Orfeu Negro also inspired the chapter “Orfeu Negro / Black Orpheus” in Desiree C. Bailey’s incredible 2021 poetry collection What Noise Against the Cane (pages 54-56). Here is a link to her reading the poem aloud (the poem introduction begins at 22:38). In her live reading, Bailey calls the poem her way of processing her feelings after watching Camus’ film. She says, “[w]hen I encountered [Black Orpheus], I was like wow, these beautiful colors — and there’s so much about these people that I recognize in myself, in my people. But there was a lot that made me uncomfortable about the film” (Bailey). Her discomfort, like President Obama’s, comes from how cloyingly sweet the film is. Filled with sarcasm, Bailey’s “Orfeu Negro / Black Orpheus” thrusts a memorable, visceral description of her film-viewing experience before us: 

“I too from masquerade land. Asphalt sputtering, chomping on plastic beads and feathers, costumes re-singing histories of the flesh. My island a speck, a globe of spit slipping past the eye of the world. So I watch Orfeu Negro greedy for a glimpse of myself, a skip trick of light splayed out on the screen. My greed, my open mouth cares not for taste. I am almost ashamed. I want to be looked upon as the world looks upon Eurydice. Delicate, the way her pistil sways in the breeze” (Bailey 55). 

For more information about Black reinterpretations of classical myths, I would look to Patrice D. Rankine’s 2013 book Aristotle and Black Drama: A Theater of Civil Disobedience. It is a somewhat dense (but very interesting) analysis of some of the many Black playwrights who challenged the lack of Blackness in most interpretations of classical texts, presenting a whitewashed version void of even the slightest amount of diversity. Just a brief skim of the book will introduce you to the names of fundamental Black playwrights, whose plays you can watch online. Justine McConnell’s Black Odysseys: The Homeric Odyssey in the African Diaspora since 1939 is another useful introduction to Black interpretations of the classics, with hers focusing on post-colonial receptions of Homer’s OdysseyIf you are more interested in visual arts, the Eos Africana panel showcased a workshop on “Black Classicisms in the Visual Arts” in 2020 (I recommend keeping up with their posts in general to follow new, modern Africana interpretations of the classics).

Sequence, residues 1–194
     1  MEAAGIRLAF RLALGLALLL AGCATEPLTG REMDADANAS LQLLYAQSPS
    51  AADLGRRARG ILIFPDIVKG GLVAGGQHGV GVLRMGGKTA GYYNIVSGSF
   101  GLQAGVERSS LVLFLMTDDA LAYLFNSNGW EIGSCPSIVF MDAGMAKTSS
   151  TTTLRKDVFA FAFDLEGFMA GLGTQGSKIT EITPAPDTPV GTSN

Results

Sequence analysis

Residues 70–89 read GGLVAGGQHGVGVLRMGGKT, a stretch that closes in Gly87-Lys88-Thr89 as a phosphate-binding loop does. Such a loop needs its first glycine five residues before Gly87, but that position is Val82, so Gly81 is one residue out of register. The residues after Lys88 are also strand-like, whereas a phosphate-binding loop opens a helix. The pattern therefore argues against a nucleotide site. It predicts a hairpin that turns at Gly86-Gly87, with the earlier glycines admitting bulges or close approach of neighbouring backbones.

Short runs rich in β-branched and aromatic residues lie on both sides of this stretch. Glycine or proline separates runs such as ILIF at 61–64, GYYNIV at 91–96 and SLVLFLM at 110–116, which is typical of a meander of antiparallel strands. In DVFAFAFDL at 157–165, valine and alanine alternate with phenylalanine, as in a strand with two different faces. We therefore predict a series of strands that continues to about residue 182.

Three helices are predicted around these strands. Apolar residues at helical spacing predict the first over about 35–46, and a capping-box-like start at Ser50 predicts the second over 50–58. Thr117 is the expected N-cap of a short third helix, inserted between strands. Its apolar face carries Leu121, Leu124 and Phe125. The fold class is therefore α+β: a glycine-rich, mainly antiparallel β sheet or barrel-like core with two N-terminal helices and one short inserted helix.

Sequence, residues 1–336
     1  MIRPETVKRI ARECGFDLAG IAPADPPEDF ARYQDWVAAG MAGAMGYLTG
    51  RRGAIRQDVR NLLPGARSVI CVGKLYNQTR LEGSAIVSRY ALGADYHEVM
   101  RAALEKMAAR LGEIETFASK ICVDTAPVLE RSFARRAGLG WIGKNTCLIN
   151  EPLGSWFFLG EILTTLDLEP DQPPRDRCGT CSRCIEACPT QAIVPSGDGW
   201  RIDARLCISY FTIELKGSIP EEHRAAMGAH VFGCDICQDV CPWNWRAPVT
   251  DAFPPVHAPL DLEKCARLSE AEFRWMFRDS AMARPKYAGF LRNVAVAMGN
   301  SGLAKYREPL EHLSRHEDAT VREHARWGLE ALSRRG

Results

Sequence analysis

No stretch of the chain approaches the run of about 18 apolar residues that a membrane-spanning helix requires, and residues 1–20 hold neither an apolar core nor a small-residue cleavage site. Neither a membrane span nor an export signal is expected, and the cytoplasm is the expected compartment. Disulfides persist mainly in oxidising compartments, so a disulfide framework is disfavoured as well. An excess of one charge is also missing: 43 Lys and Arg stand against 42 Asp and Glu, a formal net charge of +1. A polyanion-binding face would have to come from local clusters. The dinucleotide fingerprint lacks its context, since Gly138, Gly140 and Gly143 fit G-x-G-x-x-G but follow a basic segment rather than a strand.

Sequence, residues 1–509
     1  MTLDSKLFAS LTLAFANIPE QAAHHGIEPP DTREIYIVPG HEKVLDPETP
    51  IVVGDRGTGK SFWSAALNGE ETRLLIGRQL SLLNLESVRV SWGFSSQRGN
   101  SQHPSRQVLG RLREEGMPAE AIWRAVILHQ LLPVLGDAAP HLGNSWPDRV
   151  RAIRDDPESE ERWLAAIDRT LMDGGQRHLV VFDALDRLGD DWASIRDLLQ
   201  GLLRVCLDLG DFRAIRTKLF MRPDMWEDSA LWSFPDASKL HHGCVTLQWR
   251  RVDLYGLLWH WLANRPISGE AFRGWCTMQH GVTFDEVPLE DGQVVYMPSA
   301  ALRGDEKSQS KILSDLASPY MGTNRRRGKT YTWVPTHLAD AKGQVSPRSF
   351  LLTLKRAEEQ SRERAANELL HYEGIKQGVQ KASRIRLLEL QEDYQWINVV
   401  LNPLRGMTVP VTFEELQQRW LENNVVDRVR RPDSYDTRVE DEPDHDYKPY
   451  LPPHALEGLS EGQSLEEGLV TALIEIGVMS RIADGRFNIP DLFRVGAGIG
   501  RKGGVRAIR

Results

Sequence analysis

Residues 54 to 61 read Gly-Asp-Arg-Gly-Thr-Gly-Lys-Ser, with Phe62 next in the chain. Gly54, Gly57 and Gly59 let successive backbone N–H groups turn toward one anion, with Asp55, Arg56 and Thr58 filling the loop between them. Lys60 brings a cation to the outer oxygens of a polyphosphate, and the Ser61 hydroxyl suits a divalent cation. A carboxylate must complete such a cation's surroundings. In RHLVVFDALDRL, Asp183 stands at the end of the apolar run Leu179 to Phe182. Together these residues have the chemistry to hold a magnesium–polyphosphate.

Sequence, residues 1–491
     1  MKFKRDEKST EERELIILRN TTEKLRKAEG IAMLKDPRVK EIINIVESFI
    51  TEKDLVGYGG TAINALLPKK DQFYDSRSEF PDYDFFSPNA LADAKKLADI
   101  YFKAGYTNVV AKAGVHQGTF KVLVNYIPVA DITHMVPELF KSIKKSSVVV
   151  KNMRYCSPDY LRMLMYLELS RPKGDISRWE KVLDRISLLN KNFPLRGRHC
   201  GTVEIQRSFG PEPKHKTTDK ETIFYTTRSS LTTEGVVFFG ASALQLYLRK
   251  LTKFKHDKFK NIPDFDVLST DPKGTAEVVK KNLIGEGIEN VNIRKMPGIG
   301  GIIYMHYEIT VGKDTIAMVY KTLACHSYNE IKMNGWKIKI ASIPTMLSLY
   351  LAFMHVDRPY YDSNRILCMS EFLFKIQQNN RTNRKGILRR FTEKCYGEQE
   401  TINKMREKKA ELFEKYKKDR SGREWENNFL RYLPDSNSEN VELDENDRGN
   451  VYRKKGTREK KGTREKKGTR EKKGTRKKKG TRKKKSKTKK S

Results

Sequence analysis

I also really recommend checking out Vanessa Stovall. Her appearance on Liv Albert’s podcast “Let’s Talk About Myths” in which they discuss a variety of myths is very approachable. Above all else, Stovall’s Medium blog is a very engaging resource for getting a read on modern classical receptions. She begins her article “Antigone Unbound | Part I: Horror & Attic Black-Figures” with a still from one of Black Orpheus‘ many scenes of dancing (shown below). Though she does not mention Orpheus again, the use of this scene of revelry before her exploration of the possession of other classical characters (Antigone and Creon, Agave and Pentheus, and more) ties Black Orpheus’ Carnival neatly back to antiquity.

Finally, Hardy Fredricksmeyer (another reader of ancient texts) makes the same connection between Bacchic possession and the Carnival in his paper Black Orpheus, Myth and Ritual: A Morphological Reading:

“Perhaps in appreciation of some of the relation between ancient celebrations of the god and its own modern celebration, Louisiana calls the Sunday before Fat Tuesday ‘Bacchus Sunday,’ and one of the most important troupes and floats is called ‘Bacchus.'” (Fredericksmeyer 159).

Enjoy that grape-adorned float this Mardis Gras on March 1st! (The float is linked here).